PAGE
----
So we wake up in Cody, Wyoming, and we’ve got the day to split between this town and whatever we can get done in Yellowstone before we camp at Fishing Bridge in the park. We’ve already missed the world-famous rodeo, but then again we have a world-famous rodeo 45 minutes from our house that we can ignore just as well as this one. We did, however, just miss the PowWow, which I am pretty sure would have had an open bar.
Also, I really can’t understand how this can be true, but TripAdvisor is virtually unanimous in its love for the Buffalo Bill Museum. It even goes as far as saying that you need more than one day to see it all.
We decide to put this on the list of things to do next time we are in Cody. Besides, through the wonders of geography, we found ourselves staring right at one of our favorite online stores, Sierra Trading Post. When I squinted my eyes, I was pretty sure I heard angels singing.
After beating the last ounces of patience out of our children, dropping what seemed like many hours and was certainly many dollars, we were finally pried from the clutches of Sierra just long enough to hit the local Albertsons for another grocery stop. Earlier in the trip, I think I had what may have been my first Slim Jim, which I have to say are pretty damn tasty! And out west here, stores have entire dried meat areas, which include the standard Slim Jim. Here we purchased what was called the “monster” Slim Jim, which as it turns out, disappears just as fast as the regular size.
Two observations: I found the people of Wyoming to be a very friendly bunch, possibly because most of them have not yet been shot in the face by Dick Cheney. Also, this tattoo craze has gone a bit far. Bears can’t even resist getting a bit of ink done.
Off we go, again behind schedule, and getting behind someone like this never helps.
But it’s getting late and we need to get to Yellowstone. Wait, what’s this? Buffalo Bill Dam? Let’s do it.
The kids LOVE dams. They are immensely impressed by the engineering required to perform such a monumental task as holding back massive quantities of water. They can’t get enough of what goes into turbine-based power generation. Who am I kidding? They love dams for the jokes.
“Can we buy a dam souvenir?”
“Hurry up and take the dam picture!”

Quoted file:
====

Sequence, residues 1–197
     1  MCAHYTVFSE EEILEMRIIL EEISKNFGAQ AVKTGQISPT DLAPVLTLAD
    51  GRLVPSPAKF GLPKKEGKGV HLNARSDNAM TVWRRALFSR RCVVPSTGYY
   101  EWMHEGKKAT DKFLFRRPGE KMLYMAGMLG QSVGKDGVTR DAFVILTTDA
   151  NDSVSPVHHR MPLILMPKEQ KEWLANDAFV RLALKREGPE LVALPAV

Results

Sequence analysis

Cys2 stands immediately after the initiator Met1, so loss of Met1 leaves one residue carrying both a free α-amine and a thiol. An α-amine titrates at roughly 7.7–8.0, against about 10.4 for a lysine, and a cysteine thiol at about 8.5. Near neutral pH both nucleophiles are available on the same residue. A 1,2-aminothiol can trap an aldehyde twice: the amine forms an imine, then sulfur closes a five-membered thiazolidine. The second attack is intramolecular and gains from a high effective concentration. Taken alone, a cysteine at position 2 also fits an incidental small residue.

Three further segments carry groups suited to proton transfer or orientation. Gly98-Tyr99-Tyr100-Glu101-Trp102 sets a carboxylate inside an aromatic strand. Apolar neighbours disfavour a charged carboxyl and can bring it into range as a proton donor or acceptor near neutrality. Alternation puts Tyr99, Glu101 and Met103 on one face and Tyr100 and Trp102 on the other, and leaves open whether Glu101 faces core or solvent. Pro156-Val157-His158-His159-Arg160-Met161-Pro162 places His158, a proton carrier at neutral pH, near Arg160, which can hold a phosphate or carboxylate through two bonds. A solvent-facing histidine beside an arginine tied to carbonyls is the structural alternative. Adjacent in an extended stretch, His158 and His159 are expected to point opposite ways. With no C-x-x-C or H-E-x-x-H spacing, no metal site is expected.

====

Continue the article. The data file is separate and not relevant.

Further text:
“Is there a dam tour?”
The impounded lake is formed within a tree-lined canyon, so whenever any trees burn, die, etc. they fall into the lake and they end up here. Every 6 months, they bring a crane in and they clean up the debris.
Look at the dam rainbow!
This was originally named the Shoshone Dam, but the name was forced onto some scrub land and it was renamed for Buffalo Bill Cody. At the time it was completed in 1910, it was the tallest dam in the world, and it remains the tallest.
No, wrong slide! Skip that one! Continuing on, the space between the dam and Yellowstone is a very nice stretch of landscape. Looks like a good place to be rich and have one of these ranches.
And I have no idea what this is, but it seemed interesting.
Aaaaand, we made it!
The views really are quite striking, and once we crossed into the park, we were rewarded immediately with snow-capped mountains, flowing waterfalls, and wildlife.
Bighorn Sheep. We saw some cars stopped and small boulders falling down around us on the road. I thought that these guys were so nimble that they barely disturbed the surrounding earth? Guess not, because we were in danger of some serious body damage from falling rock. They were about 30 feet up, and we had to stay back because they will ram ewe if you get too close. Ram Ewe.
But the kids got a bit mouthy, and I was forced to send them out of the RV to think about what they had done.
Yellowstone Lake is the largest high elevation lake in North America – which, to me, sounds like “is not really the largest lake in North America.” In any case, it’s huge and beautiful.
We checked in at the Fishing Bridge RV Campground where only hard-sided campers are allowed because it is Grizzly territory. Luckily we brought our bear spray (Which it turns out we never took out of the package. None of us were mauled by bears though, so I guess it worked!). The ranger at the Fishing Bridge Visitor Center diplomatically steered me away from my plan to go to Old Faithful at this late hour, so we instead went for Mud Volcano.
Dragon’s Mouth Spring looks and sounds like an actual dragon’s mouth. If dragons were real. Good naming, in any case.
The smell around here was pretty strong. One of the kids asked if it was safe to breathe in. Of course, I said, as I happened to spy this metal grate in the parking lot.
Continuing past Mud Volcano, we notched a few wildlife sightings before it got too dark.
Bison were out in force.
And even some elk.